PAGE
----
When he got wind that Marcos had issued a “shoot-to-kill order” against Corazon Aquino, who was in Cebu when the protests in Manila began, he and his wife Nancy hid the future president in the Carmelite Monastery in Barangay Mabolo.
Achieving the impossible
The revolution might have agitated the public, Cuenco said, but it also united a public that was tired of the Marcos dictatorship.
Garganera, then a Political Science student at the University of the Philippines Cebu who participated in the protest marches in Cebu City, said now is the time to revisit the event.
“What we fought for before, are we still fighting it now?” he said.
A similar uprising may not happen again in their lifetime, but the two local legislators urged the public, especially the youth, to do patriotic deeds in their own little way.
Garganera said following traffic rules and disposing of garbage properly already show their respect for the country.
Romielyn Romano, chairperson of the University of San Jose-Recoletos’ (USJ-R) Department of Social Sciences and Philosophy, said it is important to commemorate the People Power Revolution anniversary to instill in everyone’s mind that nothing is impossible, including getting rid of a dictator in a peaceful manner.
“It is important because it teaches us that we can do more if we are united. And that change can be achieved in a non-violent way like in Edsa,” said Romano.
Hannah Figuracion, a USJ-R fourth year International Studies student, said there is a need to celebrate what happened in Edsa 34 years ago because it had a great impact on the lives of every Filipino.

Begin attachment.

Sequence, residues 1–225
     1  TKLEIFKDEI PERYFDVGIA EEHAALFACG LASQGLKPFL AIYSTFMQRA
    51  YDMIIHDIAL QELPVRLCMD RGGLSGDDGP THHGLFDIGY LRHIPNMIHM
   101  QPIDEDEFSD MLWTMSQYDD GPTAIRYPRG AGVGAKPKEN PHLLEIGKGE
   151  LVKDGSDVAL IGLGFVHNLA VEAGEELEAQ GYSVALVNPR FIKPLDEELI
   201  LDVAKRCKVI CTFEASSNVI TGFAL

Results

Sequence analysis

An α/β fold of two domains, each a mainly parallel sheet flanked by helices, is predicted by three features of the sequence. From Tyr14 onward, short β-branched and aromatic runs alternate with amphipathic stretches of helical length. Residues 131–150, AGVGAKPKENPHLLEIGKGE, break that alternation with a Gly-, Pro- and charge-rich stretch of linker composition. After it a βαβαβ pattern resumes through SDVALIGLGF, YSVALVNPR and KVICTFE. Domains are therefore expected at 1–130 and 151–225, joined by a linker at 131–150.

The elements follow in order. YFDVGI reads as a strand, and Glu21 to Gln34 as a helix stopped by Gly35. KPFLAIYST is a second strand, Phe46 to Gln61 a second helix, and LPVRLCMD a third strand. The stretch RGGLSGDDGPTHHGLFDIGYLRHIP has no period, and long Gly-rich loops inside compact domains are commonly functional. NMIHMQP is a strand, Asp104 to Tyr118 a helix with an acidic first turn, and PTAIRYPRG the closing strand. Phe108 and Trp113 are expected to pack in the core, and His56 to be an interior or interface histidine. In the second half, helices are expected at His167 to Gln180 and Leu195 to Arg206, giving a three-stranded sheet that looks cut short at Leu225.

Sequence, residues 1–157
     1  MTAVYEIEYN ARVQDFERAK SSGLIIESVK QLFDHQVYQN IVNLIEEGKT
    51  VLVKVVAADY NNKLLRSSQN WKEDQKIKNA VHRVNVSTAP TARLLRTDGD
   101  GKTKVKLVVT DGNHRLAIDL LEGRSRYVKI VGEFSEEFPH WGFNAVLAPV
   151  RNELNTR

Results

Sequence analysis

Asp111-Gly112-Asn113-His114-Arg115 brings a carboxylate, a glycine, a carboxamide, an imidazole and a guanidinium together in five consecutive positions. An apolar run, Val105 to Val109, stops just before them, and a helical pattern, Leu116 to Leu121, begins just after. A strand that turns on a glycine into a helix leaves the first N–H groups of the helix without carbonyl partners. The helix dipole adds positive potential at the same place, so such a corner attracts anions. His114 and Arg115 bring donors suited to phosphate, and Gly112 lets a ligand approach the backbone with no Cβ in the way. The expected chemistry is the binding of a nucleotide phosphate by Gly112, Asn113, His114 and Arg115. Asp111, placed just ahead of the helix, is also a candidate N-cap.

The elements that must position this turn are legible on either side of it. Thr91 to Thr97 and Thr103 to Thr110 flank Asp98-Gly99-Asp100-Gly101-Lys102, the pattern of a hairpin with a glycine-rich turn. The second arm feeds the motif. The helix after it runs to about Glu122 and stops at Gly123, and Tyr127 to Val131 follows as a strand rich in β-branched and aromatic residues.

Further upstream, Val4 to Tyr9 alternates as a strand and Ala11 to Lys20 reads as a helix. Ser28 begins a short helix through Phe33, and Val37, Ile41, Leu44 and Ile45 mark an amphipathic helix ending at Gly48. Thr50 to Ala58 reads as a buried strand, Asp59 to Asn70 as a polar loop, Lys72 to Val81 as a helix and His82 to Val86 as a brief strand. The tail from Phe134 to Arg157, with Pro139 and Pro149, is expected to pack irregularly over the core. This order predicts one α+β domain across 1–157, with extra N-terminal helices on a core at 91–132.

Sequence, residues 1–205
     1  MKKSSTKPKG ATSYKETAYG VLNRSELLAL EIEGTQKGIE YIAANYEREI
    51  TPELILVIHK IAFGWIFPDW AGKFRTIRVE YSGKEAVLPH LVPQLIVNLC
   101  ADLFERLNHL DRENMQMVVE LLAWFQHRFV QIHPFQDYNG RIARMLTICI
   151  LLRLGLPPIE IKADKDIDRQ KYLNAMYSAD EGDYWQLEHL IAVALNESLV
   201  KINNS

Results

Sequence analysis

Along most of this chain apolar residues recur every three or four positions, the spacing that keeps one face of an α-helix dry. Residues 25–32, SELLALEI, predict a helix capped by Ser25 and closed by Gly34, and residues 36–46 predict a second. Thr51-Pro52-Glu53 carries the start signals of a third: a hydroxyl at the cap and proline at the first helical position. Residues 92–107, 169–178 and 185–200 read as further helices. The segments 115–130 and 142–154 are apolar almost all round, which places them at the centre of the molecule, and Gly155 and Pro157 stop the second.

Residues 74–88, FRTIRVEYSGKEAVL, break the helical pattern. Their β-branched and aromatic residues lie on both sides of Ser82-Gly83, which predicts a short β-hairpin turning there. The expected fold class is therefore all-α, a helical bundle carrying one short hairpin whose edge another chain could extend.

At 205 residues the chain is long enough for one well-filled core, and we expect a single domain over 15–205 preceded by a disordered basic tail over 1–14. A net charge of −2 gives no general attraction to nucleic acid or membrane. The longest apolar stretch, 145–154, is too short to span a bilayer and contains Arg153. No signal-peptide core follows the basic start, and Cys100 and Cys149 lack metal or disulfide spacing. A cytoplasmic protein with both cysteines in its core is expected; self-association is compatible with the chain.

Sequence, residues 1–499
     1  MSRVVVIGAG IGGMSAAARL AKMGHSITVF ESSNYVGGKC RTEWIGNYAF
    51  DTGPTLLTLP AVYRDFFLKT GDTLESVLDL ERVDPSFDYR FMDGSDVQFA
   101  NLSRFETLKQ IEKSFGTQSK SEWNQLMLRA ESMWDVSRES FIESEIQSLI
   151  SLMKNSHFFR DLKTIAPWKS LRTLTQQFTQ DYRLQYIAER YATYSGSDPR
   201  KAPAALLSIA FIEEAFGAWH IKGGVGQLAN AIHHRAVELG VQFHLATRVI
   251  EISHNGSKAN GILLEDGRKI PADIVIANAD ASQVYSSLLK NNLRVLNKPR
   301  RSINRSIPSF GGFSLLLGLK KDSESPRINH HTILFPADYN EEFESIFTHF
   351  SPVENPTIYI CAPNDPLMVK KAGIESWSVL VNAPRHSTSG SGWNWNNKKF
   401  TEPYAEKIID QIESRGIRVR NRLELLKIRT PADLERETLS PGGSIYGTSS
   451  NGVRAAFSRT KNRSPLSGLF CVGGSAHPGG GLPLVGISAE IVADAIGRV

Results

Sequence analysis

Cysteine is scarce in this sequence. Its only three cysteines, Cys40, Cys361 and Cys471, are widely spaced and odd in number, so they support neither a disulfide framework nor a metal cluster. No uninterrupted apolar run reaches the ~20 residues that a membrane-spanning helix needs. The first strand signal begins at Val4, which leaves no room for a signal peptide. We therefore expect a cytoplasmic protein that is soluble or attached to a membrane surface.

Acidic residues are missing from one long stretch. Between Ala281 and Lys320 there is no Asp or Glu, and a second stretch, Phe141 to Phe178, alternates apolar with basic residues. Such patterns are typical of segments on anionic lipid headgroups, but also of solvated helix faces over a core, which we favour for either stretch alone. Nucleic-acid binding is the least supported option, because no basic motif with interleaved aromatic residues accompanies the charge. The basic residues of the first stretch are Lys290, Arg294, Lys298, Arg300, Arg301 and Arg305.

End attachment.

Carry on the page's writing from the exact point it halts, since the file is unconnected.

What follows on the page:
“It is important not just because we became a democratic country but because we were from the abusive hands of the Marcos administration, giving us the freedom to express,” she said.
Not a mere holiday
Phoebe Zoe Maria Sanchez, associate professor at the UP Cebu, recalled the hundreds of thousands of people from various sectors who went out on Edsa to display their outrage against the Marcos regime and the Marcos cronies.
She said the Edsa gathering was the “peak of all pent-up anger of the Filipinos from 1965 to 1986.
“Meaning, there were varied political formations that took place before Edsa People Power. There were variegated colors. There were different sectoral formations casting claims against the regime long before Edsa People Power took place. So the mass work was done many years before one Edsa uprising could take place. It was not an overnight call,” said Sanchez. “Although the underground movement against Marcos was not there, the underlying nuances that were triggered by the underground was felt and was evident in Edsa because Edsa represented the 16,000 other families violated by the Marcoses and the exploitative ruling class,” she added.
She said the events that took place back then should be seen as a great national turning point that today’s young should understand so they can contribute concretely to nation-building and not just make a parody of the commemoration.
“For me, it is politically derogatory to associate a providential nationwide incident as a mere holiday to skip official obligations,” Sanchez said, adding that the occasion should be used to “re-educate and decolonize a colonial mentality” since members of the current generation would not be who they are today if there were no protest actions and people who stood up against tyranny in the past. (WBS / JJL / MAE FHEL GOM-OS, USJ-R JOURN INTERN )